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Crumbling Zoo Mirrors Chaos in Ivory Coast

One-third of the Abidjan facility's animals died during the 2002 civil war; the rest live in filthy conditions with little food.

June 13, 2004|Pauline Bax | Associated Press Writer

ABIDJAN, Ivory Coast — Shivering monkeys huddle on a bare cement floor behind rusty bars. Elephants, whose tusks provided the name for this war-divided nation, struggle in thick mud.

A safety grating covering the alligator pond is peeling back, opening a gap that looks wide enough for the beasts' wide jaws to pass through.

"Imagine what could happen to a child" who got too near, said Ayekoe Yapo, director of the crumbling Abidjan Zoo.

Since civil war broke out in September 2002, conditions at the zoo, one of West Africa's largest, have mirrored the slide of this once cocoa-rich nation into chaos and poverty.

Before the fighting largely ended a year ago, more than 3,000 people were killed and at least 1 million driven from their homes. At the Abidjan Zoo, one-third of the animals died during the war and the rest fared little better.

Schoolchildren once flocked to the zoo, gaping at the apes, snakes and other wildlife that is dwindling in the African wilderness. Few can now afford a trip to the zoo, which is all but empty during the week, Yapo says. About 100 visitors come on the weekend -- barely enough to cover the ticket taker's salary, he says.

The zoo was once subsidized by the state, but with rebels still holding Ivory Coast's north despite a January 2003 peace deal, the southern-based government is spending its money on guns and ammunition for its soldiers, not food and supplies for caged animals.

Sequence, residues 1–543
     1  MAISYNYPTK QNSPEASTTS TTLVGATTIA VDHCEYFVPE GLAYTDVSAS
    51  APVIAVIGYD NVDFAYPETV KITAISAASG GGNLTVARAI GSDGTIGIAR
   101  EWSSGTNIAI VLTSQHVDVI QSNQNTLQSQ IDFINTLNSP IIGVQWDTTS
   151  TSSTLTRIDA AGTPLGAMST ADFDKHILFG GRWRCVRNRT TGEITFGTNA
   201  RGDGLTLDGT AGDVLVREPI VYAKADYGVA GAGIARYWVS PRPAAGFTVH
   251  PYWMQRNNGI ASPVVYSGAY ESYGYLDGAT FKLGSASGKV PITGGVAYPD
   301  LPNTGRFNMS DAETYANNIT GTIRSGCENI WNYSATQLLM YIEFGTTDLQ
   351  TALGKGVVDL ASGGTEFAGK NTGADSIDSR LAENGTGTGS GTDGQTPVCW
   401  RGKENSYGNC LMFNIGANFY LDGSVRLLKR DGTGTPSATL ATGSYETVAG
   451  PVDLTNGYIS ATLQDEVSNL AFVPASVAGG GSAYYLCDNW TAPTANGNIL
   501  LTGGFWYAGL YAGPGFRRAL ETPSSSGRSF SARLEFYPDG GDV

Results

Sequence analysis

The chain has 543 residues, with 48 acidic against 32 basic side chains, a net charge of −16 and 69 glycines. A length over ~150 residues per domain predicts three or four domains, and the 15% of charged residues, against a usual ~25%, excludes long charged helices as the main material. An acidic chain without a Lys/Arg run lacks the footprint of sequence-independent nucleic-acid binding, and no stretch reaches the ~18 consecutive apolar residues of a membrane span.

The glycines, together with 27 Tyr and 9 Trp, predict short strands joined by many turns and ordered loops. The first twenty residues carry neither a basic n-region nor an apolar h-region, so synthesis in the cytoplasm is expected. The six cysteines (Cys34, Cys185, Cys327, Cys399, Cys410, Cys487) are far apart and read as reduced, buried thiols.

So the zoo must get by on the paltry ticket sales -- and it shows. Just over 200 animals remain alive, existing in squalor.

The elephant pens haven't been mucked out properly, and Yapo had to move some of the monkeys to a shaded part of the zoo, where they tremble from the cold.

"Their own cages are falling apart, so we had to put them here. It's too dark and they get sick and lose their appetite," Yapo said. "We human beings don't want to live in filthy homes, so why would we expect our animals to live like this?"

During the 2002-2003 fighting, a months-long, dusk-to-dawn curfew curtailed business in Abidjan, the commercial capital.

"Because of the curfew, our employees couldn't come to feed the animals, so dozens of them starved to death," Yapo said.

The zoo now has only one truck, which workers drive to the lush countryside to cut 990 pounds of grass for feed each day. But the truck, which also carries meat for the hyenas, birds of prey and six lions, breaks down "every 48 hours," Yapo said.

Like many in Ivory Coast, Yapo is pinning his hopes on foreign intervention into a crisis that is increasingly viewed as intractable.

About 4,000 French soldiers patrol front lines, and the United Nations is building toward a 6,000-strong peacekeeping force.

In recent weeks, rebel and opposition ministers quit a national-unity government arranged under the peace deal between President Laurent Gbagbo and his foes. The accord had been brokered by France, which was Ivory Coast's colonial master until 1960 and the builder of the Abidjan Zoo.

The United Nations and leaders from other West African nations are working to restart the peace process, and Yapo is not shy about suggesting that the international community should help his beleaguered menagerie too.

"All I can do now is tell the world how bad the situation is so that help will come before it's too late," he said.

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